My Latest Books

 

 

 

 

 

 

All of my print books are available at $7.99, $8.99, & $9.99 or less, and the ebooks are mostly $2.99 with the latest at $3.99, and a couple larger books at $4.99 – a few others that are higher will be lowered in price once they come off their Kindle promotion.

Especially in the moment for the new books:

I want these books to be read and enjoyed, so the price is an accommodation to what Amazon allows to be charged with a very small sum allocated for myself – usually slightly over a dollar in case of the print books, far less than that in regards to the ebooks which are priced at $2.99 to $3.99, including the ebooks for my latest books.

You can buy the print version and get the accompanying ebook for only 1.99 and .99 from Amazon.

Ebooks at $2.99 –

THE MOON WORN TIDES, Vol.1, The Prose Poems

SOLILOQUIES OF THE HORIZONS, VOL. 2, The Prose Poems

PROVENANCES AND PAROLES

THE POETRY HOTEL

THE MYTHOLOGIES OF LOVE

THE LOST CANADIAN, VOL. 1

THE LOST CANADIAN, VOL. 2

MEASURING GRAVITY BY GRACE, VOL. 1

OUR GEOGRAPHIES, VOL. 2

TORMENTING THE MONKEYsatires

COUSIN HAROLD’S ADVENTURES IN THE REAL WORLD – satires

Ebooks at $3.99 –

CELESTIAL MIGRATIONS IN THE EMPIRE

OF THE DOMINIONS UNLEAVENED

ALL THESE BEING HINTERLANDS

DARK EARTH

SILENCE LOUDER THAN A TRAIN

BLOOD UPON THE MOON

THE TRANSITS OF REVELATION

THE ESCHATOLOGICAL DOG

Ebooks at $4.99 –

IN RIPARIAN FIELDS

OF FLESH SCULPTURES AND ABANDONED LOVE

CELESTIAL MIGRATIONS IN THE EMPIRE published on Dec.20/17, and OF THE DOMINIONS UNLEAVENED, published a few weeks ago have a companion volume:

The third volume in the unofficial trilogy, ALL THESE BEING HINTERLANDS, my 25th book is published.

None of these were rushed out, thrown together in any hasty measure, but with care and dedication combined to come together in the writing, editing, and process of publication for a period of well over a year +.
It wasn’t until I began winnowing out any number of poems that didn’t fit with the themes I saw developing that the fact that there would be a few books, and then a third brought itself to light.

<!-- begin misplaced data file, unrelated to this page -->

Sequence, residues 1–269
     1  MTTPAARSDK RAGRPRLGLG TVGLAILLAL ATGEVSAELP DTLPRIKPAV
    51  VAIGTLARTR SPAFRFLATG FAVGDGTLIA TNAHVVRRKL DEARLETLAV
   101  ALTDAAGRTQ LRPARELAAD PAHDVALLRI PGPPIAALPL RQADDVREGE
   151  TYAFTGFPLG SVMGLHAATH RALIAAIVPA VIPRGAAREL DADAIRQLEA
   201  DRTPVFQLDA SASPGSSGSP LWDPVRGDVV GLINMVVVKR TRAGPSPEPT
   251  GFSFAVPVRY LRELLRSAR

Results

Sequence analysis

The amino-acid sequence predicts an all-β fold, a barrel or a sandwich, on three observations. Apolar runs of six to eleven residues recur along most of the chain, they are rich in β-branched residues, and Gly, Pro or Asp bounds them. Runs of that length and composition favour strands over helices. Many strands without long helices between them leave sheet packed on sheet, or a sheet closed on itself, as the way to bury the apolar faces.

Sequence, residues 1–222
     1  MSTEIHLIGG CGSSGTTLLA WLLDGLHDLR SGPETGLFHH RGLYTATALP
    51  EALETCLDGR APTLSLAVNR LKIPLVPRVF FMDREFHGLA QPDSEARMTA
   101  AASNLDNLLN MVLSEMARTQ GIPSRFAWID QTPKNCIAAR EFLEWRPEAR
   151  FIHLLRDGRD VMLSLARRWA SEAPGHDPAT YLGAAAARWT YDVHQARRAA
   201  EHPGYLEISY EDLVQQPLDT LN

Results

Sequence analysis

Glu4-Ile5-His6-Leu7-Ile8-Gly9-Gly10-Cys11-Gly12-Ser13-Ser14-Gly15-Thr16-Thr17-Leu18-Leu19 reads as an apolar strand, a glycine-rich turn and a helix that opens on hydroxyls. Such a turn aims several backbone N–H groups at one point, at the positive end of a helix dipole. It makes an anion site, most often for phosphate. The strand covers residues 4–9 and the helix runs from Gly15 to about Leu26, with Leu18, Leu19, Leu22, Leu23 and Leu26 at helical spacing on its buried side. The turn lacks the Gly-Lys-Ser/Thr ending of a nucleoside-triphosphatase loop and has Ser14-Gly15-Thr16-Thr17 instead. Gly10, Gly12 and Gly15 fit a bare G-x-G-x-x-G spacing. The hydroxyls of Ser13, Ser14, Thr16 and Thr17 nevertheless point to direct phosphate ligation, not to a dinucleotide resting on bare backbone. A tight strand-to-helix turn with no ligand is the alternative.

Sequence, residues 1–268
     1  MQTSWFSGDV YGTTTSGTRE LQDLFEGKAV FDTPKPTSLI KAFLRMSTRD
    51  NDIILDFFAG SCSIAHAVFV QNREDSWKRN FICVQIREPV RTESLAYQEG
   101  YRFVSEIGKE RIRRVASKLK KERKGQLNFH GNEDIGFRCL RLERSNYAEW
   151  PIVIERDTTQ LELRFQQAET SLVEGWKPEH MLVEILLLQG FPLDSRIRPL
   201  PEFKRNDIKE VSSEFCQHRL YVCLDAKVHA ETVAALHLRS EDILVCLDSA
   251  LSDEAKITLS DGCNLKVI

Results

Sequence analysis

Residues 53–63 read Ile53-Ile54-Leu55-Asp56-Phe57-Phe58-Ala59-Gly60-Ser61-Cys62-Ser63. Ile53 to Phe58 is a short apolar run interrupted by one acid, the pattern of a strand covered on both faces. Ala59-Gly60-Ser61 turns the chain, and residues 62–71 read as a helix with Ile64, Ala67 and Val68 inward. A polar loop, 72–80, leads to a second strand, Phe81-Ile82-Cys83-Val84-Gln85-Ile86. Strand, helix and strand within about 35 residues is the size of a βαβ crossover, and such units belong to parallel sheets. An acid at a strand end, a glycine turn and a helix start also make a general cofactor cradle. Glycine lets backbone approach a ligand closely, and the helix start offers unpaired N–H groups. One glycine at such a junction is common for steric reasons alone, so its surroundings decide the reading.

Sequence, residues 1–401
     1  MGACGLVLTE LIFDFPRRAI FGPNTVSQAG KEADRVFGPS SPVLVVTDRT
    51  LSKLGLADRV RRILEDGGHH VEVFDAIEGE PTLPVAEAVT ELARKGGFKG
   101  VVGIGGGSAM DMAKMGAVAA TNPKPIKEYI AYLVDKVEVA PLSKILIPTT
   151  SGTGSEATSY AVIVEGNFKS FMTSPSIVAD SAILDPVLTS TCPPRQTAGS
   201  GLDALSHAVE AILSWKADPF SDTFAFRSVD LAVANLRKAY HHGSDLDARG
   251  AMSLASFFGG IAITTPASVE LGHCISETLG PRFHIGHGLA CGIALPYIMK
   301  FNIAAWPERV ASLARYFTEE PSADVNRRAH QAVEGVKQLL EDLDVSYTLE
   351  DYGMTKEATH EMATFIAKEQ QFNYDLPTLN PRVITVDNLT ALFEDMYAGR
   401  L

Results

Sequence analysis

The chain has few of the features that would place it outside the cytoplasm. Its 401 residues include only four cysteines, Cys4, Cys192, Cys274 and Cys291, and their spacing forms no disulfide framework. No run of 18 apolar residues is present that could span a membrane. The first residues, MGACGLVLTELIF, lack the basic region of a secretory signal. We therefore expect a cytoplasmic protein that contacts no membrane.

Enjoy.

[these books are very inexpensive $3, $4, $5 – why ‘click’ without a decision to buy?]

©Dean J. Baker

https://www.amazon.com/Dean-J.-Baker/e/B00IC6PGQM

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..from DARK EARTH….’THE HERALD’… with biographical notes

 

 

 

 

 

 

 

 

Nothing more than abstract ornament,
explanations and discussions
keeping us to ourselves; we were
too petty for anything else. God
and Spirit, man and God again: no
insight into the common denominators.

Stupidity categorized the crews
taking over. In Canada, one was
reduced to waiting; at best,
you sent yourself notes (not poems)
hoping they would stay closed, or
fall open revealing all upon arrival.

You are lost either way. Death
enters your life: a troubadour
strolling through the provincial town.
Each gesture of government singing
the unwanted guest to bed, who is
finishing the last bite of food.

One brought no plans for conversation,
issuing invitations in the dark
he slips from his clothes. The livery
stark amusement, leaving only the arc
of a streetlamp which constellates:
the hard vistas of distant expectation.

©Dean J. Baker

first published in Jewish Dialog

  • excerpt from

  • DARK EARTH – 142 pages, $16.99
    ” The most unique set of poems I have ever read.”Rabelais and Hieronymus Bosch look out of dark chinks in these poems… instead of Emerson’s “Whim” above Dean’s lintel we might assume “Melancholy” resides here… that dark brooding that laughs below, and rises through the bones to jerk you awake from your too lazy sleep of existence.”
  • “Dean’s books will someday be required reading for anyone who studies literature, poetry, or, human artistry.”
  • “Having read Dark Earth by Dean J Baker my first reaction is WOW. This was written for me.
    His poetry speaks to me deep down in my soul.”